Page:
TV Face – Interview

To make a real impact on the music scene these days you have to have the full package locked and loaded, be it a solid social media presence, stimulating media visuals on tap and an air of confidence teamed with likability. Oh yeah, the music, that’s important sure, too many bands rely on just one of these aspects, it should just be about the music right? I think it’d be naive to believe that narrative in today’s scene. Urgh ‘scene’ what a horrible fucking word, might delete.

Anyway, the band they call TV Face, have all the qualities mentioned and then some. I was first made aware of this Lancaster three piece a year or so ago whilst looking out for ‘outsider’ bands to play some gig nights I was organising, i was instantly hooked, they are one of those rare finds, true DIY outsiders that know exactly what they want to do, how they want to do it and aren’t afraid of speaking out for what they believe in. Punk isn’t a sound, it’s a feeling, an honest rage and it resides in the underbelly of this riotous three piece.  

Brimming with an abundance of fast paced angular fuzzed up punk attitude and lashings of infectious style, you can certainly understand why they’ve caught the attention of the outsider community. 

To picking up support slots with Warmducher, Brix Smith and Objections, three cutting edge collectives who don’t suffer industry fools. To now having their new record, ‘Tide Of Men’, mastered by Pete Maher and released on the genre eclectic powerhouses Evil Blizzard’s label Cracked Ankles, it’s evidently not just I who realises that TV Face are a respectable and slick outfit.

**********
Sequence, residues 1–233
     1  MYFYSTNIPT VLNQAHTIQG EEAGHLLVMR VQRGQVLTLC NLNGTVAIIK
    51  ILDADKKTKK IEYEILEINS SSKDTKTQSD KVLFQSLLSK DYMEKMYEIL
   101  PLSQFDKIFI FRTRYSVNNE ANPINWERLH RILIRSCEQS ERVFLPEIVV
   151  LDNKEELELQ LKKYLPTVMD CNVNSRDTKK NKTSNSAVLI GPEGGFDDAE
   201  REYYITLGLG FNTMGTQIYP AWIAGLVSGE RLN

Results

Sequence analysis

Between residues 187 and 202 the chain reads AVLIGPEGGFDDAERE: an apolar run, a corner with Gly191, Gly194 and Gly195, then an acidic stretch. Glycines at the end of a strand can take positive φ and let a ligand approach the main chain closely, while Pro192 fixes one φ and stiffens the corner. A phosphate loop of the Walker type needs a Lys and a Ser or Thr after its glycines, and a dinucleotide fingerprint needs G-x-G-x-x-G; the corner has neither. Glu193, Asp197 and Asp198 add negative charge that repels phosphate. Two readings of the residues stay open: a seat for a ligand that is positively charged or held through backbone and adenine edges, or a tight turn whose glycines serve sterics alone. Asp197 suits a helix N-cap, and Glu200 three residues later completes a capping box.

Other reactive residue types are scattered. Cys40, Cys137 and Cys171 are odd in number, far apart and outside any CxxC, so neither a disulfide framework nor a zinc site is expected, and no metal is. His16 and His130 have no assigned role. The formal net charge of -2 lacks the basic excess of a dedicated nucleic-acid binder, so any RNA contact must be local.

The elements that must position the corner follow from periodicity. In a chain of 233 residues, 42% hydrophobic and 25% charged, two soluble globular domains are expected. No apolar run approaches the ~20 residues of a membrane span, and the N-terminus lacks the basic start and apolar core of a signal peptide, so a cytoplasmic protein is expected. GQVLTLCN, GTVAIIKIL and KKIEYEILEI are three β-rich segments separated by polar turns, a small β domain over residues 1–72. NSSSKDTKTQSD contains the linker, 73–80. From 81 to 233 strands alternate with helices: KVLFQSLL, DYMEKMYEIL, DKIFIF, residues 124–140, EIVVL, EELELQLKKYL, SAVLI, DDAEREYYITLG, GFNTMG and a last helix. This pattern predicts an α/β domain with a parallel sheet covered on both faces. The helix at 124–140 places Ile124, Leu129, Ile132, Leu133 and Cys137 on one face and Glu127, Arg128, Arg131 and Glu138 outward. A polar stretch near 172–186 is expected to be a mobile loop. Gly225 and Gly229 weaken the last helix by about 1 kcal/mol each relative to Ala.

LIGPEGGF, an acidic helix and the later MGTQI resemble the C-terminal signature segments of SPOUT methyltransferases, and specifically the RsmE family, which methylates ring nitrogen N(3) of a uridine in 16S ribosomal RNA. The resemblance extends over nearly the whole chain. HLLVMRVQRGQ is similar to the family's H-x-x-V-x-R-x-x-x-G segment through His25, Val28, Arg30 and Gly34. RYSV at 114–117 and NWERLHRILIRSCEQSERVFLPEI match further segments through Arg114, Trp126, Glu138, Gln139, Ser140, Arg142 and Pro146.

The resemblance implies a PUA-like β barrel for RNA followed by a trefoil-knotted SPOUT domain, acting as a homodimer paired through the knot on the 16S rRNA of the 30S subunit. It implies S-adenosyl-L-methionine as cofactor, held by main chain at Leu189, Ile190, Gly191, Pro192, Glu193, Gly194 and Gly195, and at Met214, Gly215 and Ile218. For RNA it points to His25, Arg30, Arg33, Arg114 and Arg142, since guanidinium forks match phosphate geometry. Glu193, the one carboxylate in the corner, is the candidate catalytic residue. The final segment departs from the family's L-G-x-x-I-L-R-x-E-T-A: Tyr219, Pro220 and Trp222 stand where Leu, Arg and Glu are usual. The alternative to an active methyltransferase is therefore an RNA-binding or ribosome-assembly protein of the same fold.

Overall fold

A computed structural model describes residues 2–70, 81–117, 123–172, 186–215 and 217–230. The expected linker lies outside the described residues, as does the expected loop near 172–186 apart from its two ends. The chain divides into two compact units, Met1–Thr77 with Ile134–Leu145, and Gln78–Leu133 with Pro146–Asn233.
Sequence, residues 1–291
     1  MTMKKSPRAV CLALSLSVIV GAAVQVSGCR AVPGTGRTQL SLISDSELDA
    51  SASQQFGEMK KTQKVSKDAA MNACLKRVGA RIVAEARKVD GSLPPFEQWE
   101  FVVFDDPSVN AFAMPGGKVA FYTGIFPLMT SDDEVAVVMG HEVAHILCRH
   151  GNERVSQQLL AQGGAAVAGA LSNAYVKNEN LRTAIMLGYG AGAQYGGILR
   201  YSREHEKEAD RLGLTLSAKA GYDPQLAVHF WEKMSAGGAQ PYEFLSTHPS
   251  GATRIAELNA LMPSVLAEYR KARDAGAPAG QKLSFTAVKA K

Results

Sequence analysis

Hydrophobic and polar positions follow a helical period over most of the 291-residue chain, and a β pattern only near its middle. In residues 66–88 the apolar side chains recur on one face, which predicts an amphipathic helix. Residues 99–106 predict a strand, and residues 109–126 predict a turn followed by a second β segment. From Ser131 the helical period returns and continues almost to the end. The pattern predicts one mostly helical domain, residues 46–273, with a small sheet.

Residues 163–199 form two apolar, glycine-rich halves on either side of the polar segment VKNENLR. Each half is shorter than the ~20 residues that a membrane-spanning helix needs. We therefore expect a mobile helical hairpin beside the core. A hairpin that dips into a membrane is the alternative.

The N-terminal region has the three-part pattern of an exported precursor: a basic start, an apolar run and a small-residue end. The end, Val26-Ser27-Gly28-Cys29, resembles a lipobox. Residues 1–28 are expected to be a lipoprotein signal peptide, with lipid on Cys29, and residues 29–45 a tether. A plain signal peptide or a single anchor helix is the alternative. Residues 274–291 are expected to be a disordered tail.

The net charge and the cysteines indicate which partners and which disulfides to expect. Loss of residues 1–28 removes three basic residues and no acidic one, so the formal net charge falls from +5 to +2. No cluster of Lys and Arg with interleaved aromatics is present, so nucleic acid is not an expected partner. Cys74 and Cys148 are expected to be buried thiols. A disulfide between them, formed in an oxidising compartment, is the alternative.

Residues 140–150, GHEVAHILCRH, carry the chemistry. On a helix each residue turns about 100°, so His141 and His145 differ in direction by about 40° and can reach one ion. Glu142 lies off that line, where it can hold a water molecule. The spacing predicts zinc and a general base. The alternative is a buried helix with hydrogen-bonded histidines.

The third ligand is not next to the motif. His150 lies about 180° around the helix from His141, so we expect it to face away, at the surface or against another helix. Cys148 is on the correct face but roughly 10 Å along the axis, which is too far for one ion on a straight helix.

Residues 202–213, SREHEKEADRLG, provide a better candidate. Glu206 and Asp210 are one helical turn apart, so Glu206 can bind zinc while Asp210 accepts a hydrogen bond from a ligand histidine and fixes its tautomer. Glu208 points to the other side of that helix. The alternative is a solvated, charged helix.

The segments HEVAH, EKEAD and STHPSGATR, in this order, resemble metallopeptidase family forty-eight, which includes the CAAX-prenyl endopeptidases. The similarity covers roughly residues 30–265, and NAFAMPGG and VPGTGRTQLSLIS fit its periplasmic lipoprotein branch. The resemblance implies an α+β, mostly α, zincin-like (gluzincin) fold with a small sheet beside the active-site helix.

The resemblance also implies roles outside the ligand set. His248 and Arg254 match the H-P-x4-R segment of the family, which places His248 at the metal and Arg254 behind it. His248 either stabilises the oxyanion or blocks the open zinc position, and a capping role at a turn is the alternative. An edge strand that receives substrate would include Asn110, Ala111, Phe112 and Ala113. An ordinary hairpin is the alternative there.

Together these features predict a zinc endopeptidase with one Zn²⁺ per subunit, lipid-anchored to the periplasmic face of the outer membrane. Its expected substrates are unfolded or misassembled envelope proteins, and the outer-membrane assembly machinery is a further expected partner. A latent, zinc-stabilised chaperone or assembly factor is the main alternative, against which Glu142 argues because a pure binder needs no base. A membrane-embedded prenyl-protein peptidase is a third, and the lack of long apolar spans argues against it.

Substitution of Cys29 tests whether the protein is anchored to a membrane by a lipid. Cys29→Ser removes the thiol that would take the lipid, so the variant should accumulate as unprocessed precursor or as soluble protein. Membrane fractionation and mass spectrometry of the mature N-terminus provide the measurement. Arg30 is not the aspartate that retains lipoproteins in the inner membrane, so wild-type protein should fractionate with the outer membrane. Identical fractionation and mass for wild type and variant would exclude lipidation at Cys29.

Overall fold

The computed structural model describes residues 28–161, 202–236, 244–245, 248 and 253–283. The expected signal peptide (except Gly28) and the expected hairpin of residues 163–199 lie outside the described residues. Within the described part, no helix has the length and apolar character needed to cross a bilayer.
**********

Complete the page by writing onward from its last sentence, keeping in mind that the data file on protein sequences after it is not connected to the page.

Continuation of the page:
‘We’d got the record finished before Crackedankles picked us up, we recorded the drums in a church which is now a recording studio and did the rest in the room we are sitting in now in rural Lancashire. We reached out to Pete Maher online, it was the icing on the cake that he agreed to do it really. 

We played a gig with Filthy Dirty, which is the lead singer of Evil Blizzards side project, and then invited him to come and play a gig in Lancaster and after that gig, he was like, we love it. We want to put the record out. It took us by complete surprise! We weren’t angling for that, it was just like, ah, these cats are a cool band, let’s put ’em on.’

Why is the DIY ethos so important to you as a band? 

‘I don’t think there’s another way to do it anymore. I think everybody, even if you sign to a big label, you’ve still got to do loads of it yourself anyway. So you may as well do all of it yourself and reap more of the rewards.’ Neil

‘I think in a way it’s been foisted upon a lot of bands, but actually beyond that, having had the misfortune of being affiliated with a major it’s quite frankly horrible, it’s a soul destroying experience that leaves you without any creative control or license and you lose sight of why you’re doing it in the end. So over the years it becomes not only incumbent upon a band to do it because of the changing landscape, but also from, from our perspective, if you want to be at the creative epicentre, make the decisions, you live and die by your own sword, then it’s the only way to do it.’ Steve